Go Local-Week Two-Phydeaux Visits

This week I'm particularly pleased to kick off our series of Go Local guest posts. I've got 11 guest writers lined up to share something about their local food experience, and it's going to be fantastic! Some one new will be here every Monday to accompany Mr. Linky. So read along, post along and then link up so we can all read what you are doing. Did you get a chance to read the beautiful posts from last week? Thank you to those who shared and inspired. From back yard gardens to incredible rotating compost bins, to lavender ice cream...there were some very inspiring reads. I hope you'll keep coming back all summer long, because this year promises to be even better than the last!

My first guest blogger comes from the Bay Area, California. She and The Mail Man go way back, and Brenda and I have become fast friends as well this past couple of years. Without her encouragement and expertise I think it's safe to say I may have never had the guts to make sewhappyJane a reality. By day she works her tail off for a major university, and by night and weekend she knits the most beautiful fibers into the most beautiful scarves, wristlettes, and brooches. You really must see what she is selling in her shops, Phydeaux, and Phydelle. (photos used by permission of Pydeaux)
Brenda is a lover of food, yarn, cats, gardening, and art. She has a special place in her heart for local, organic food. You could say it's in her blood. She's also a talented writer. You can read more of Brenda's work on her corresponding blogs, and in her weekly column over at Paper N' Stitch. I'm honored to have her. Please welcome Brenda.

I'm going to make a confession, right here on Living Senses. A scandalous, horrifying confession.

I love ice cream.

Oh, wait, what? You do, too? Well, that's a good thing, because I'm going to share with you my very own secret to homemade berry ice cream, using locally grown ingredients, even if you don't have an ice cream maker (like me ...)!

I'm a huge believer in using locally grown and organic ingredients. My parents grow organic kiwi, and sell organic eggs laid by their organically fed, free range chickens. I'm so glad that more and more people are supporting their local growers by eating local.

I'm so lucky here in California's Bay Area to be surrounded by incredible local produce, all year round. But I still look forward to Spring and Summer's berries, and this super easy tastes just like homemade ice cream is just the ticket to deliciousness.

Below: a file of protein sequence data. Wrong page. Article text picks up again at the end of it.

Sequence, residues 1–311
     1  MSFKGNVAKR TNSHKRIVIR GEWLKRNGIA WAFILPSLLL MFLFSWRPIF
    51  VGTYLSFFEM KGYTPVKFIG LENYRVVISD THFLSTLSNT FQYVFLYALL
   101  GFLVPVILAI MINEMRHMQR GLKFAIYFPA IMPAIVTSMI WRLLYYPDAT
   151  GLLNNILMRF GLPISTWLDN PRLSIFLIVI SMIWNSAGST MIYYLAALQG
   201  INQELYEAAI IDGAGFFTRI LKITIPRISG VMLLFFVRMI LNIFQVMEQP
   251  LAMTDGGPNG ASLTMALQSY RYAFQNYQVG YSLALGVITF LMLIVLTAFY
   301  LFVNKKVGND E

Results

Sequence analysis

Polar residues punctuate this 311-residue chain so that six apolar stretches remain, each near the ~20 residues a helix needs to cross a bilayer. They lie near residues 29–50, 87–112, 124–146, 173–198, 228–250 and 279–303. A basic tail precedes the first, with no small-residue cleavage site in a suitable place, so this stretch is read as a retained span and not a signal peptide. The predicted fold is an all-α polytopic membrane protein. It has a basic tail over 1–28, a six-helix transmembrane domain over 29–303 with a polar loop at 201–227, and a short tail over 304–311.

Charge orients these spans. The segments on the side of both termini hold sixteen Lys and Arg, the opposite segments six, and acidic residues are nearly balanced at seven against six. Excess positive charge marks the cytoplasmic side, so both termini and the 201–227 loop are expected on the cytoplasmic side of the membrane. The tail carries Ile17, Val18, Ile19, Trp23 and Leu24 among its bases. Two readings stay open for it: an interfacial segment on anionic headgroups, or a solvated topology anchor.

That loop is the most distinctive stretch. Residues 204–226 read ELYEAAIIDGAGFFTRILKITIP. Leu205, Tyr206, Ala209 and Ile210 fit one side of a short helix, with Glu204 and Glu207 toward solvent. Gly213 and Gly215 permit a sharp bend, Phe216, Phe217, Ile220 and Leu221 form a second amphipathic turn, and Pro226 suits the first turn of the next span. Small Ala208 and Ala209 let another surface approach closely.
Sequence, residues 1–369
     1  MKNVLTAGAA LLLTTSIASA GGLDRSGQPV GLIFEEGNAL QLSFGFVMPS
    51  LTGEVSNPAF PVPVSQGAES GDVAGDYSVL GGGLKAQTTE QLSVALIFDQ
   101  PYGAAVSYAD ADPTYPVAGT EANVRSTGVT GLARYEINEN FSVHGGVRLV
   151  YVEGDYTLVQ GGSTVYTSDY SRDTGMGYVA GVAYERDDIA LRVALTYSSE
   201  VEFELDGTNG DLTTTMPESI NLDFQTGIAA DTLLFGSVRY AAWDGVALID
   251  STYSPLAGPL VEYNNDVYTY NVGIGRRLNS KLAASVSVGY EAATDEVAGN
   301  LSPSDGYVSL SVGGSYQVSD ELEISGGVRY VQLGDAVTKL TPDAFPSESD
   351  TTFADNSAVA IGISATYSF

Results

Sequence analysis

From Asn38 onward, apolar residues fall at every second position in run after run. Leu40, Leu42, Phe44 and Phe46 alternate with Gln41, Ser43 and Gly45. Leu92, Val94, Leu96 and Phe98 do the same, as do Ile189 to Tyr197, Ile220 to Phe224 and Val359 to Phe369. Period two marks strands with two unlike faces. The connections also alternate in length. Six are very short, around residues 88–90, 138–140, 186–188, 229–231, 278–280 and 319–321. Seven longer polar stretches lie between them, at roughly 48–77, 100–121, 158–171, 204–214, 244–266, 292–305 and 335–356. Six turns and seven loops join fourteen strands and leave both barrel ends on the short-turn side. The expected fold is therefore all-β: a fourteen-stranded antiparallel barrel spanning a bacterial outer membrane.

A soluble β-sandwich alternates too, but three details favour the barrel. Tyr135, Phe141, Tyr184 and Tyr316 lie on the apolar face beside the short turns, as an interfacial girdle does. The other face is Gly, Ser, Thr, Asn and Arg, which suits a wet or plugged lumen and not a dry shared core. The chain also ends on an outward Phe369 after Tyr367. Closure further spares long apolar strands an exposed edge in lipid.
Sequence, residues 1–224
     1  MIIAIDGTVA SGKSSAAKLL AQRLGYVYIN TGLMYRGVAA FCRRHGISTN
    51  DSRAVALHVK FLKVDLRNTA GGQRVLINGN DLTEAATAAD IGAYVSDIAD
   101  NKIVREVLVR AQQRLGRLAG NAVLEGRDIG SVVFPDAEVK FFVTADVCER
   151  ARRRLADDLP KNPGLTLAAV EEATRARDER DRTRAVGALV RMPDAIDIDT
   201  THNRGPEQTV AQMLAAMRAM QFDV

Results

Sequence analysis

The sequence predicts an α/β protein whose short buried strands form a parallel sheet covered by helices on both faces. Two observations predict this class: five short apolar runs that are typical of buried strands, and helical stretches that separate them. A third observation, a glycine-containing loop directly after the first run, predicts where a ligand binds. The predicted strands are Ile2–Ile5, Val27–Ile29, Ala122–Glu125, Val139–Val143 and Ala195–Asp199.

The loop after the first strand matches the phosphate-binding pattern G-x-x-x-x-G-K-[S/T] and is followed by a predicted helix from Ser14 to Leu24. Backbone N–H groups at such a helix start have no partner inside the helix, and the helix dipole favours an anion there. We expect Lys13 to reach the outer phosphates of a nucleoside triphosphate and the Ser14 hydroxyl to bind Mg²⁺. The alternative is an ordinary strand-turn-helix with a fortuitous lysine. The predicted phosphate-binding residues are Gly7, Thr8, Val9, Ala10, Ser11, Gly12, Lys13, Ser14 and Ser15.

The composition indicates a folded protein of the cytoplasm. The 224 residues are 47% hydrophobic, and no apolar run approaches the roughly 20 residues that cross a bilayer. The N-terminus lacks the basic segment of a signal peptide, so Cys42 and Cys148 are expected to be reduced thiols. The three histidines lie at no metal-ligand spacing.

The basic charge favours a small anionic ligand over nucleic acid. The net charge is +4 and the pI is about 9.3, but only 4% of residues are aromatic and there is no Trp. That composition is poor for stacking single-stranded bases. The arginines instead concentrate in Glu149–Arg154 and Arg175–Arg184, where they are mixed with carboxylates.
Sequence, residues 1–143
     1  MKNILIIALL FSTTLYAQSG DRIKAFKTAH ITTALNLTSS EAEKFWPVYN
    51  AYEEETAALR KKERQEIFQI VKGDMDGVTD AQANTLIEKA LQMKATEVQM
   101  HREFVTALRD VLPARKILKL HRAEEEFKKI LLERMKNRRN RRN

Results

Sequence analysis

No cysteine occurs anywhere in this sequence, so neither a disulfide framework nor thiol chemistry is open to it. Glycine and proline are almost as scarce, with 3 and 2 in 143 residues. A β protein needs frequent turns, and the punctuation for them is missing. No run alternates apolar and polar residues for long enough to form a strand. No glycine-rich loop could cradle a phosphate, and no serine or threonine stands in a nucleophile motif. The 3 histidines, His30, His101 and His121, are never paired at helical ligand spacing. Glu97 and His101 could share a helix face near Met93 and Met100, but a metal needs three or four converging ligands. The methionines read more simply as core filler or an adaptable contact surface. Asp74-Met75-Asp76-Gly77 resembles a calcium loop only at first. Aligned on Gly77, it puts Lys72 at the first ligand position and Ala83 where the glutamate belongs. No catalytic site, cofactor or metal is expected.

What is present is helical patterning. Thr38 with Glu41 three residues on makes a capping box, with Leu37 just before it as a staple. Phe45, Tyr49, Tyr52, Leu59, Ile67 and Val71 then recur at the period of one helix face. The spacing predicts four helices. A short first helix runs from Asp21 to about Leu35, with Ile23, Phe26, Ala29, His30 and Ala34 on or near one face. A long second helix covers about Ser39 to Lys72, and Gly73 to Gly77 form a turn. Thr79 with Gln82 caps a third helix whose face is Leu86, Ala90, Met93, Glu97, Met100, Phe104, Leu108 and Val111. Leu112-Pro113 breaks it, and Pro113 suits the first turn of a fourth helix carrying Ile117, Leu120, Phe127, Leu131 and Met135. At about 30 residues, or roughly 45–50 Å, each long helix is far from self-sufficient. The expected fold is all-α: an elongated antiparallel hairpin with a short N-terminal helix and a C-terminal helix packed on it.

1 pint Local, organic strawberries, cleaned, hulled, sliced
1 pint Local, organic raspberries, cleaned
1/2 c Mini semisweet chocolate chips OR shaved/grated local semisweet chocolate
1/2 gal Local, organic french vanilla ice cream, softened (you can leave in the fridge to soften, or in a hurry, microwave in 10 second bursts, stirring after each)

Split your ice cream in two equal portions, one portion each to a large bowl. Stir into one bowl the strawberries and fold into the other, the raspberries. Fold in the chocolate to each bowl. Cover and freeze until firm, checking and stirring every 30 minutes (the ice cream will refreeze on the outside - stirring allows it to more equally freeze throughout). To really enjoy the flavors, try to refrain from devouring this for a full 24 hours. Then scoop, serve, enjoy!

Now seriously. How hard is that?

Here are a few notes I should add:
  • I really like my berries plain. French vanilla ice cream is all the sweetener I need. But if you need more sugar, just stir in sugar to taste to each bowl of berries before adding to the ice cream.
  • I can find ice cream made locally, using local ingredients, in just about any direction from where I live. If you can't, try Breyer's all natural french vanilla ice cream, which is delicious with just a few ingredients.
  • Some folks say, "oh yeah, that's just Coldstone Creamery ice cream," when they hear how I like to make my own ice cream. I respectfully disagree. Coldstone Creamery is darned incredible, but with incredibly high fat and sugar content, and without supporting the local agricultural community, also relying on trucking and other non-environmentally friendly means to distribute their product.
  • If you're diabetic or just limiting your sugar intake, try Breyer's carb-free french vanilla ice cream.
  • I hope you enjoy this! Also delicious with fresh sliced peaches or nectarines (without chocolate)!

Thank you, Brenda!! Can't wait to give it a try.

Now add your post for this week, so we can all see what you're doing to GO LOCAL!
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  1. oh.my.goodness. I cannot wait for fresh, local berries here!

  2. Fabulous first guest post!!! Woo hoo!!! I am dying for ice cream now! -Sara

  3. Hi Brenda! I'm sooo gonna make this ice cream. Yum!

  4. Hey! Mr. Linky wasn't that scary after all. And this is not my actual week one for Go Local - I am still in May on my blog...maybe next week I will be up to speed! -S


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